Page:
improvement of rivers, a common method of towmg was to have a
towing chain lying along the bed of the river wlhch boats going
upstream would pick up and with steam power wind around a drum,
thus dragging the boat along. This was long supposed to be a very
satisfactory method of towing for what were then regarded as the
larger craft, but as improvements deepened channels and reduced
currents tliis method became less desirable and the tendency has
been to use paddle-wheel tugboats.

Although an inland city, Berlin has been made the center of a
great water traffic. The tonnage has increased very fast since the
Spree was made accessible to vessels of 600 tons. Routes radiate
from Berlin to Stettin, Hamburg, Lubeck, Breslau, and to the upper
Elbe by way of the Ihle Canal. This canal constitutes one of the
important sections in the great east-and-west trunk waterway that
has been described. It connects the Oder and the Elbe. Between
Berlin and east Prussia there is much commerce by water, which will
be immensely increased as soon as the improvements along the
Warthe River are complete. Indeed, this route to Poland is expected
to open a market for a greatly increased proportion of German goods.

Taking the route from Berlin to Hamburg b}^ way of the Ihle
Canal, the Havel, and the Elbe, a statement of the growth of ton-
nage illustrates the possibilities of river and canal navigation between
great centers. In addition to the great fleet of barges and towing
steamboats which ply on this river, there is what may be called an
express freight service by cargo steamers, which run daily, leaving

31673— S. Doc. 325, 60-1 27


and arriving at fixed hours, and hardly less regular in their move-
ments than railway trains. Tw^enty-five years ago there were 2 of
these steamers, carrying less than 100 tons each. It was regarded as
a real achievement, when they were first put on, to make a trip each
way once a week between Hamburg and Berlin. There are now
something like 15 of these steamers. They carry as high as 300 tons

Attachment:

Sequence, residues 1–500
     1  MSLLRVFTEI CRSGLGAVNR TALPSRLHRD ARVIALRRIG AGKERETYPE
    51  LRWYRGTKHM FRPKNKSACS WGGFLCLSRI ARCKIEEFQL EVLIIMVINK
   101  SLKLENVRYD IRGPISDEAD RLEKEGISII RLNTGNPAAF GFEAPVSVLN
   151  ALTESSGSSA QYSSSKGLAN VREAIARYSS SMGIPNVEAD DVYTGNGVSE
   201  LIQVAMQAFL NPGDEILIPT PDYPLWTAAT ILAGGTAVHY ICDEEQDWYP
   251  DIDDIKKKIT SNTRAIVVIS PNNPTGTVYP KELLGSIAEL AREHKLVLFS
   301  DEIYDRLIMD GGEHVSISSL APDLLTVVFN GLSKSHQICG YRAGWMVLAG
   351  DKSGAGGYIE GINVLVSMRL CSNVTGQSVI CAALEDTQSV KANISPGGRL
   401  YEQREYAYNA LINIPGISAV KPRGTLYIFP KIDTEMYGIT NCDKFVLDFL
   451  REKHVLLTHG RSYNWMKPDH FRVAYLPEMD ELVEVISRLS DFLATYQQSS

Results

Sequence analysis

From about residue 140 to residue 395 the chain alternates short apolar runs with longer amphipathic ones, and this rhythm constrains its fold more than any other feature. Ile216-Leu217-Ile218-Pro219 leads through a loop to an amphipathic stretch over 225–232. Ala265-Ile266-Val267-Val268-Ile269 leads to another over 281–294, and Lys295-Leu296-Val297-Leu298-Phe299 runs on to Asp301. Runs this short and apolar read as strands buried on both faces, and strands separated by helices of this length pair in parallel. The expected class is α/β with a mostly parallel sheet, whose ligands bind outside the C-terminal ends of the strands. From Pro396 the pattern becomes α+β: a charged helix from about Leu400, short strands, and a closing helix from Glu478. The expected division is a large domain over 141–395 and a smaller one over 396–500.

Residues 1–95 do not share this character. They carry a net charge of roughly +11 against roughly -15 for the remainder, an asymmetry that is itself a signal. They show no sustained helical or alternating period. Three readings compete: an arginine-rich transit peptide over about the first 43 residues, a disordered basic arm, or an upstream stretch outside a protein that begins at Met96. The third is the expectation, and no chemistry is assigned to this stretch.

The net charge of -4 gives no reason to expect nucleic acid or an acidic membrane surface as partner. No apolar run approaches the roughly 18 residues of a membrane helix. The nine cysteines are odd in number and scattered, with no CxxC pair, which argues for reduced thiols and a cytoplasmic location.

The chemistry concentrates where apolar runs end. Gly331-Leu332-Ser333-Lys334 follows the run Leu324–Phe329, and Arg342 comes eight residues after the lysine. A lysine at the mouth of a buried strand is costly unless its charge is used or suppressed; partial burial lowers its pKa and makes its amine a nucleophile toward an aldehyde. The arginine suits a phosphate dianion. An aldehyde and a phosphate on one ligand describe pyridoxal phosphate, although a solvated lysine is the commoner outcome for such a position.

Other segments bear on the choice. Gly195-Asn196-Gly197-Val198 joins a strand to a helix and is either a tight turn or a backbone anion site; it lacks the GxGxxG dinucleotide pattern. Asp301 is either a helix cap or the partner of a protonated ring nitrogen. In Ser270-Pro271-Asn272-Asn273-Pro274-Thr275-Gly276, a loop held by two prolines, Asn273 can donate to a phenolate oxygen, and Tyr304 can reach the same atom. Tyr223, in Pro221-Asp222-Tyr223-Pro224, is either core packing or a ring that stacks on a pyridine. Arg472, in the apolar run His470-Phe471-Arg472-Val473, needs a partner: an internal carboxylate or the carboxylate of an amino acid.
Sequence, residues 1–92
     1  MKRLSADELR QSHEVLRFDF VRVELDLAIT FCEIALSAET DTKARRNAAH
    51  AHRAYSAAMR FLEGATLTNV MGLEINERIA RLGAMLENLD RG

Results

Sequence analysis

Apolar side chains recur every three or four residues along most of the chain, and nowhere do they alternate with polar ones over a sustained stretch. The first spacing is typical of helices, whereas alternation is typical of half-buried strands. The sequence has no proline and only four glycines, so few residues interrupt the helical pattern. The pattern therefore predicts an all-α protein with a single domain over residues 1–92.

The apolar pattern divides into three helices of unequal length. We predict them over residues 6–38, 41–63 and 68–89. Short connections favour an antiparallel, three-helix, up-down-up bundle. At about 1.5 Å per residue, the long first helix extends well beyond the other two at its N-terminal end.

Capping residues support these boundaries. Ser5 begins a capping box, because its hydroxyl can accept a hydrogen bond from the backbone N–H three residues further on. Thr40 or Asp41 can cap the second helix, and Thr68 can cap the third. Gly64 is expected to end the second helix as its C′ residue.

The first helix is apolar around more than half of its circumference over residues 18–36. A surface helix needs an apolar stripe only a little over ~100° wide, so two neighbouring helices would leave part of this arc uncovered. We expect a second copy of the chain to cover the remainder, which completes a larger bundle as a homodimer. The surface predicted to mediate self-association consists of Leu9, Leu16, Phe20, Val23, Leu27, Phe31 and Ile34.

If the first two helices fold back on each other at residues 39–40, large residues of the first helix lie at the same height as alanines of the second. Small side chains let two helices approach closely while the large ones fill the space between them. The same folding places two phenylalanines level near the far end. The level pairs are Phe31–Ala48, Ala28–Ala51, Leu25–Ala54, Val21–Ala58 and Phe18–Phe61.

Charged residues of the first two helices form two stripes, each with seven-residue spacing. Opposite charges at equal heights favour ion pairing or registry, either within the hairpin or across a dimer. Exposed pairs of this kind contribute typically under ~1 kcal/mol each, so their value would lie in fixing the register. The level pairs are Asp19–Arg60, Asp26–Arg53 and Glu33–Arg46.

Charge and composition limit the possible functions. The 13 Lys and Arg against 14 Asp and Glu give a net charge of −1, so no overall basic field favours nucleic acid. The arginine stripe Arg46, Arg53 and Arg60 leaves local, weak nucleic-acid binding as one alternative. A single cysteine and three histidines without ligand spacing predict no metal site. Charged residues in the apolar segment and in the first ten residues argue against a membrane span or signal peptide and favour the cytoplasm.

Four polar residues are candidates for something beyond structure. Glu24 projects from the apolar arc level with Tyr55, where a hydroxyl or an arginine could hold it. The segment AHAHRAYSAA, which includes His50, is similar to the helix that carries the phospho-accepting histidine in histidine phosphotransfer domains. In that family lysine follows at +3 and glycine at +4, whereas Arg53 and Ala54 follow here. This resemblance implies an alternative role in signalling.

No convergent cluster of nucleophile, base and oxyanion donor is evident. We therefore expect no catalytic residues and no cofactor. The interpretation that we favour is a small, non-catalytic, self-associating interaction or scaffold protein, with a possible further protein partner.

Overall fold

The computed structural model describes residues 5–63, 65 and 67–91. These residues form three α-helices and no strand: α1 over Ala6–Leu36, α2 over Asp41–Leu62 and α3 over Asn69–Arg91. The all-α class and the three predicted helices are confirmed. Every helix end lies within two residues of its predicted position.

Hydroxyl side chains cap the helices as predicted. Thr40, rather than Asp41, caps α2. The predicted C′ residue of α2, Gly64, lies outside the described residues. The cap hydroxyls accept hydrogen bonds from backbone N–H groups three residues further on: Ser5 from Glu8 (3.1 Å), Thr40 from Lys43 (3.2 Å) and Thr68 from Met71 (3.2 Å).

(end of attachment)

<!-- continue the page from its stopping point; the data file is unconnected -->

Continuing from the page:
each and maintain a daily service each way. Not only this, but
going downstream each of them tows 4 or 5 large barges and going
upstream they tow 1 and sometimes 2.


It is not easy to make general statements about waterway freight
rates because they vary so much with the condition of streams and
the supply of freight. When the supply of freight is large and water
low freights get much higher, while at times when the freight supply
falls off and there is plenty of water in the streams rates almost reach
the vanishing point. Speaking generally, however, it is stated that
from Berlin to Hamburg, about 250 miles, rates vary from 50 to 75
cents per ton under ordinary conditions for more bulky and less
valuable goods, and get as high as S2 for valuable and perishable
freight. These figures are for traffic moving do^\^l stream. The
rates upstream do not average much higher except by the express
steamers, which have been described. These handle practically
everything that a fast freight train in America would take, and to
the apparent satisfaction of business men. All sorts of vegetables,
wheat, and even oranges are handled by the express steamers. Com-
petition for the orange business is very sharp and sometimes makes
the rates extremely low. Goods of this class are taken by the ex-
press steamers from Hamburg to Berlin usually in two days, but
in seasons when it is impossible for the steamers to run all night it
takes longer.

Some marvels in cheap transportation have been made possible on
this Berlin-Hamburg line. For instance, a great import business in
grain comes through the port of Hamburg. At times barges have
carried full loads of hundreds of tons of grain from Hamburg up the
river to Berlin, and even be3'ond, absolutely without charge, for the
privilege of being towed up the stream. They did this not because
towing service was worth enough to justify hauling the cargo for
nothing, but because at particular seasons of the year immense
amounts of beet sugar and other products are moving from the upper
Elbe to Hamburg for export, and there is not sufficient towage ca-
pacity to get the barges to the upper river as fast as they are wanted.
Therefore, an empty barge might lie at Hamburg for many days
earning nothing and losing its share of the paying business in sugar
or lignite. Under these circumstances it is good business to haul a
cargo upstream for nothing in order to get the barge where it can
take on the sugar, which is waiting for transportation. Not only
does the sugar pay good rates for this movement to Hamburg, but
in going downstream there is practically no expense for power.


In Belgium and France ice interferes little with navigation of the
inland waters; in France almost never. In Germany, on the other


hand, the dimate is much more nearly Hke that of the northern United
States, and ahnost every winter there is a period of several weeks in